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Newfoundland Fireside Stories Newfoundland Fireside Stories
Jack Fitzgerald

Price: CDN$9.95
Newfoundland History
1990 (3rd printing November 1997)
ISBN 0-920021-78-6
148 pages
5.5" x 8.5", paper
Excepts from Newfoundland Fireside Stories is available for online reading.

Newfoundland Fireside Stories is the fourth book in a series of offbeat histories about Newfoundland places, people and historical events. In these stories Fitzgerald continues his research into the strange, the amazing and the almost unbelievable happenings culled from the archives of Newfoundland's history, and from its folklore.

Excerpt #1: Benevolent Irish Society

Although the BIS is today considered a Roman Catholic organization, it was actually founded by a group of Irishmen, most of whom were Protestants, and its first executive had only one Catholic member, Henry Shea, secretary.

When the BIS was conceived, Newfoundland had a total population of twenty-two thousand, with only four thousand in the city of St. John's. The military garrison in the city held seven hundred men and some of them were leaders in organizing the BIS. The city was quite small with wooden tenement houses huddled close together and Merrymeeting Road was considered the back of town.

There were no welfare programs a the time and the long cold winters brought great hardships to the poor of Newfoundland. A group of Irishmen comprised of military men and civilians saw the need for some kind of organized help for the poor. Several meetings took place during February 1806 which resulted in the formation of the BIS with an initial membership of seventy-four. The BIS was a non-denominational society founded on the principles of benevolence and philanthropy, which its organizers felt would be the most effective way of establishing a permanent relief program for the poor. The first President of the BIS was Captain Winckworth Tongue and while it was founded at a meeting in the London Tavern in the east end of St. John's, its first meeting was held in the old court house while all meetings between 1817-1827 were held at the Crown and Anchor and Globe taverns.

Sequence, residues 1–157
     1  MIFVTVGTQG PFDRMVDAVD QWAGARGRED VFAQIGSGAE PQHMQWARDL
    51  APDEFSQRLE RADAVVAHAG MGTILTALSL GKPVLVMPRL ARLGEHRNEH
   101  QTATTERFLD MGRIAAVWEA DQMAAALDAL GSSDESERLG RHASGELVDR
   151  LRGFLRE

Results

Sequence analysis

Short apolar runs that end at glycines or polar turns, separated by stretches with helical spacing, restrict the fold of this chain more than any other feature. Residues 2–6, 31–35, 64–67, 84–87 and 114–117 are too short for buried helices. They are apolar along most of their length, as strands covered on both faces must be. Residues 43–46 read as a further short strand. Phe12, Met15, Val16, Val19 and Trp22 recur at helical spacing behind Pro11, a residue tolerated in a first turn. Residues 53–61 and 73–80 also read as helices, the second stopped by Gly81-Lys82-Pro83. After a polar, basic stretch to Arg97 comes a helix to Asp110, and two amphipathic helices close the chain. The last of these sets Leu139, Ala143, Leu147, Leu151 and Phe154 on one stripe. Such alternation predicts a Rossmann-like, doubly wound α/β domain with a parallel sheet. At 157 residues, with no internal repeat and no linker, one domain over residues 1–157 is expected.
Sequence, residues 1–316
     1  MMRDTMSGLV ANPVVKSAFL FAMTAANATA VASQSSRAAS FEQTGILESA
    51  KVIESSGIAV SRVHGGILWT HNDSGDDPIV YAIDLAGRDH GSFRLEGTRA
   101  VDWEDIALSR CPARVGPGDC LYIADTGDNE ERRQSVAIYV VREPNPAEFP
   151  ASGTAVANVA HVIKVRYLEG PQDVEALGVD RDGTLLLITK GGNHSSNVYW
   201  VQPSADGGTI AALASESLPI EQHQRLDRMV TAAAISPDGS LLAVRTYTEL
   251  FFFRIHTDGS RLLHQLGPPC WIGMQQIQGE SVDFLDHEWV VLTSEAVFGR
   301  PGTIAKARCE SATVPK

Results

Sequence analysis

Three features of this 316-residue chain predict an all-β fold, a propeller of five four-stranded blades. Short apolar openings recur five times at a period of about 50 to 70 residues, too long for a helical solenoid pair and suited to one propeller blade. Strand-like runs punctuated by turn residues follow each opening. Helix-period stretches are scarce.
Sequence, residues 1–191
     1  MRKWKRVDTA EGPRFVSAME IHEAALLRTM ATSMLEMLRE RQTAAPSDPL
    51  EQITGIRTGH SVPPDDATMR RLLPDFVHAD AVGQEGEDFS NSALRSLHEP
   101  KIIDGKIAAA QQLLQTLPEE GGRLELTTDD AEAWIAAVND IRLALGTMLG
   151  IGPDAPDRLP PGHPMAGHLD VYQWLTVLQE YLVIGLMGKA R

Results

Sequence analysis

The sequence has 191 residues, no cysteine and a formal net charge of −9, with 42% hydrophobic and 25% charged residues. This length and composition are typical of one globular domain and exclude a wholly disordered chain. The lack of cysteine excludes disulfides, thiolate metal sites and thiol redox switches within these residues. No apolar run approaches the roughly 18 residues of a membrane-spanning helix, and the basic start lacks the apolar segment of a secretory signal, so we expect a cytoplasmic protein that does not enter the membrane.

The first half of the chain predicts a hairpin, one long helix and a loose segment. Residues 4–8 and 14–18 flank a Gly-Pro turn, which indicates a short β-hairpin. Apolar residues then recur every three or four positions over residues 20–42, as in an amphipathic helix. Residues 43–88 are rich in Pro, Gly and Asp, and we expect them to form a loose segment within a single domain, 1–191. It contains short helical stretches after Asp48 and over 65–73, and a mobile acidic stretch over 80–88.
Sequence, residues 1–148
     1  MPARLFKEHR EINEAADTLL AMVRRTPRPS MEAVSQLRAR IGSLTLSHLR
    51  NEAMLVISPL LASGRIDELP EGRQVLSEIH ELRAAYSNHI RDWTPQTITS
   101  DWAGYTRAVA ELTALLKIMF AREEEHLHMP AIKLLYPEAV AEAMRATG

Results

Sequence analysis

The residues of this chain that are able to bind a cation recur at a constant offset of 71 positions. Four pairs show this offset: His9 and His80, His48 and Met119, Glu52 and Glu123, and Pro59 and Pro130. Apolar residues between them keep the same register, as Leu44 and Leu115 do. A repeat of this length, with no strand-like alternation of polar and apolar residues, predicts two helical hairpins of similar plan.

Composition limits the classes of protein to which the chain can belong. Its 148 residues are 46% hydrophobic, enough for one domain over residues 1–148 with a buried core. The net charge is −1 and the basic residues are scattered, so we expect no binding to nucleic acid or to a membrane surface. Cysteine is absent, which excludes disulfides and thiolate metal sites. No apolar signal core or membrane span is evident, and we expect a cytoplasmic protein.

Originally the membership was confined to natives of Ireland, sones of Irish parents, and descendants of any present or past members. The rules ordered members to avoid all controversy of religious or political subjects.

The organizing group worked closely with R.C. Bishop James O'Donnel because he was universally respected in Newfoundland and had an expert knowledge of the people.

The seal of the BIS consists of the figure of St. Patrick bearing the cross with the motto encircling, "He that gives to the poor, lends to the Lord."

The BIS also decided in its founding year to celebrate their annual festival on the 17th day of March and to commemorate Holy St. Patrick who first preached the Christian religion to the Irish. When Bishop O'Donnel left Newfoundland due to illness the BIS presented him with a silver urn in appreciation of his 23 years of service in Newfoundland and especially his help to the BIS.

Excerpt #2: Prime Minister Edward Morris

During the period Sir Edward Morris served as Prime Minister of Newfoundland, Roman Catholics strictly adhered to their Church's rule of abstaining from eating meat on Fridays. Sir Edward once found himself in political hot water because of this practice.

Word reached his enemies that he had eaten meat on Friday while visiting a Protestant community at Grand Bank. In those days such a violation of church rules would be enough to ruin any politician. Sir Edward's enemies in Kilbride hoped to turn the Catholic vote in St. John's West against him. On his return from Grand Bank, the Prime Minister was scheduled to speak at a rally in Kilbride, His enemies filled the hall.

Their leaders were planning on raising the issue and confronting Sir Edward int he presence of his loyal supporters. Anticipating this sort of trouble, the politically shrewd Morris rose before the meeting to make a special announcement. He began by denouncing the vile rumours circulating that he had sacrificed his religion by eating meat on Friday to get votes in a Protestant district.

Morris admitted that he did eat meat at Grand Bank but explained he was in a delicate state of health with problems similar to that of the Archbishop. He then plucked a document from his pocket which, in reality, was a life insurance policy and he began reading improvised Latin phrases.

Holding the document up for the crowd to see, he claimed it was a papal document of dispensation from the Vatican. Morris concluded with a denunciation of his opponents for criticizing the Pope's authority. Completely won over, his former enemies surged toward the stage and lifted the Prime Minister on their shoulders. They then carried him around the Kilbride hall in a victory procession.

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